Something In the Air: Science’s Supposed Superiority To Religion
by Tom Gilson
I got an email recently from “Loren,” who sought to inform me,
Science is knowledge of proven facts, religion is a belief system based on unproven theory. The matter is closed, science is alive and growing where as religion is based on ancient history.
That’s all she wrote. (I know both men and women named Loren, so I’ll take a random guess at it and use female pronouns. If I’m wrong on that I’ll make the correction, with apologies.)
I’ll say one thing for this message: it’s a marvel of pithy communication. In just two sentences it expresses a mood that pervades the very atmosphere of our modern Western world. It wafts through the air of our universities, rarely noticed, rarely questioned.
For that reason it calls for a serious response. It cannot be lightly dismissed, even though (unfortunately for Loren), there is almost nothing of substance in it. It certainly has little to offer by way of factual accuracy. I want to take a moment to explain why I say that, and then later, in a follow-up post, I’ll take a closer look at the mood of the message.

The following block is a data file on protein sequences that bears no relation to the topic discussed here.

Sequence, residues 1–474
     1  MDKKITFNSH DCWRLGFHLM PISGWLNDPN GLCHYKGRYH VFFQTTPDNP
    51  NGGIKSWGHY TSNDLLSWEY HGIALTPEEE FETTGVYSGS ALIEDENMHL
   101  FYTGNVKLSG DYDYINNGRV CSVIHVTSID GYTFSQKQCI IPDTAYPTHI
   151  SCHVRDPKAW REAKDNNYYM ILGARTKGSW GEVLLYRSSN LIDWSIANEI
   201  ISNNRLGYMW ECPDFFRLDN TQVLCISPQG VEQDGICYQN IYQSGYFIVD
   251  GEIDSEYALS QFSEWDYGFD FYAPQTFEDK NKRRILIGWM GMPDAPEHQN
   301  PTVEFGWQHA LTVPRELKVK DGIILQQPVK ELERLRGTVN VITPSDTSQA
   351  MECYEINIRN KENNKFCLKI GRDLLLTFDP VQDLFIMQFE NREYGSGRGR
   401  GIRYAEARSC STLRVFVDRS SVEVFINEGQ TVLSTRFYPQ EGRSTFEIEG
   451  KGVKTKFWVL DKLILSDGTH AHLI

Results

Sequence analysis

“Science Is Knowledge of Proven Facts”
I’ll start with with her description of science. Science certainly deals with proven facts (or at least it does for those who accept scientific realism and are willing to waffle on niceties like the way that, once upon a time, Newtonian physics was thought to be proven). To say that’s what science is, however, is to diminish considerably what science deals with. I don’t know of any actual scientist who would be happy with that as a definition. (Instrumentalists and other anti-realists would take particularly strong exception to it.)
Based on Unproven Theory
But maybe Loren wasn’t speaking definitionally. She goes on to mention what it is she thinks religion is based on, so maybe she means science is based on proven facts. Unfortunately that’s wrong, too, whether she means science is historically, methodologically, or theoretically based on proven facts.
Consider the historical basis of science. Its early development and progress were based on assumptions about the nature of physical reality: that it is knowable, that it is worth our spending time on learning it, that progress can be made in the effort, that reality is rational, that the material world is not evil. Most of us in the Western world could hardly imagine that anyone has ever doubted that, but in fact those assumptions originally came from a specific source: Christian theism…
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